For years, no generations, the government has shoved down the throats of the population the dangers of this “Schedule 1 Drug ” and now they’re saying they were wrong all along? Some won’t accept that and will always point to how taxing it is the real reason for its legalization and not some awaking to the facts by the government. Yep, taxing it at the time of purchase will add to the coffers of the government but where the real “earnings” will be seen, eventually and only by some, is in the saving of lives from being a convicted felon for mere possession and the enormous costs that represents to everyone.

Jealousy is another fact; alcohol consumers are accepted, and alcoholism is a disease which takes most of the responsibility out of the user hands and transfers it to some unforeseeable malady caused by genetics rather than by choice and they, alcohol consumers, don’t want to share that escape hatch. Also, alcohol consumers are having a real hard time accepting the fact that their drug of choice doesn’t come with the added benefit of being a source of actual medical beneficial treatment and is actually the drug that better fits the definition of a Schedule 1 drug “no currently accepted medical use in the United States, a lack of accepted safety for use under medical supervision, and a high potential for abuse and or addiction”.

Time, and not all the common sense arguments you make, will offer up the acceptance that cannabis deserves…


1965buick

Agree 100%

And they are not looking to free big-time, violent criminal dealers.

As far as the CBD, they probably want to make that S1 so pharma can make a killing. It’s probably the only component of MJ that has useful medical propeties. THC not so much.

And I’m sorry you’ve had to see the terribly effects of opioids. The vast majority of patients should never had access to them.


rukidding

They ought to just quit beating around the bushes and allow the Democrats to just open the gates of the prisons and release everyone. A couple of things might happen. Most of the gangs would end up killing each other. Millions would be saved when the prisons were cleaned out. People who still have guns will take care of most of the other felons who would be roaming the streets. Kind of scary but I bet there are some in Sacramento that would endorse this.


kettle

Why would you even write such a silly over the top thing that would never happen?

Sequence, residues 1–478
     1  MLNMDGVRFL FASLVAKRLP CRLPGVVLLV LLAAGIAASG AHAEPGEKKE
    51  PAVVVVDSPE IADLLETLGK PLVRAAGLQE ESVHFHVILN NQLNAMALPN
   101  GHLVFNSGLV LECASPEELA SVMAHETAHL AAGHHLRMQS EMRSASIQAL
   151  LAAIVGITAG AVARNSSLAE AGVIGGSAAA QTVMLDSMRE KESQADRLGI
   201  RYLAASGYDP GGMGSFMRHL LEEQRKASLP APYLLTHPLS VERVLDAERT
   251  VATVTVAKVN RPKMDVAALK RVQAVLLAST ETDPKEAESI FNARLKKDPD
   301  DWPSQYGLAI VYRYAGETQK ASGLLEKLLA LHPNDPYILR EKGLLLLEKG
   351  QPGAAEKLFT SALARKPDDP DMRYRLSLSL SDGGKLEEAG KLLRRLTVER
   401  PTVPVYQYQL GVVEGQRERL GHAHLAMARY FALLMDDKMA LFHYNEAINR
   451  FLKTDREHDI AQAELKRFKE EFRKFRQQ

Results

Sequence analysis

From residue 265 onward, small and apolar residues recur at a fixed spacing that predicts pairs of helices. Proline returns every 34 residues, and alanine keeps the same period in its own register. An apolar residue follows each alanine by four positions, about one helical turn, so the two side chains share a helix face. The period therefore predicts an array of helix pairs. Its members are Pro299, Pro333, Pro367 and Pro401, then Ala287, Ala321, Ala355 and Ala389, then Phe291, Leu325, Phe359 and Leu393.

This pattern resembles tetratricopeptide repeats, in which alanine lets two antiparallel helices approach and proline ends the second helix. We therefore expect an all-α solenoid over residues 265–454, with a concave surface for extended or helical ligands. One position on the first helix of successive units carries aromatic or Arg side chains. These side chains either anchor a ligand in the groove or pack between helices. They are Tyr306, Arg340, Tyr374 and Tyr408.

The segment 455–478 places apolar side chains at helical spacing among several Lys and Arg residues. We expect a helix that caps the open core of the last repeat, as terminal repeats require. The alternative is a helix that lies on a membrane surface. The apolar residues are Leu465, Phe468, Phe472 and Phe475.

This is why reducing education spending is such a problem.


sweethome

rukiddinf So you say just open the gates of the prison and release everyone. You know what? That would a good idea! That would provide a great chance to let the real criminals in! The trump administration could have room to get in! And the

corrupt cops, corrupt politicians, and the corrupt people at CAPSLO, and Ian Parkinson would have plenty of space to live in prison! Corey Pierce and Steve Gesell could live there!

Adam Hill and Lisa Niesen could be roommates! Great idea!


CentralcoastRN

Let’s follow your logic:


Releasing non violent pot smokers =democrats releasing everyone


Did I read that right?


rukidding

Granted that some penalties were way too much say for first offenders or small quantities. You can say what you want but there is no doubt in my mind that MJ is a gateway drug. It’s the criminal environment that is mostly bad about it’s use. Unfortunately the government is only pushing this for the money very similar to being a dealer. I would suggest that the medical part be dealt with like a prescription drug where a doctor can actually prescribe it. The recreational use should be treated fairly just like alcohol is.


AmericaTheFree

“A study published in the peer-reviewed Journal of School Health has concluded that the theory of a gateway drug is not associated with marijuana, but rather one of the most damaging and socially accepted drugs in the world, alcohol. The findings from this investigation support that alcohol should receive primary attention in abuse prevention programming, since the use of other substances could be impacted by delaying or preventing alcohol use.” – Psychology Today, 8/24/14

ARE TOBACCO, ALCOHOL AND MARIJUANA GATEWAY DRUGS?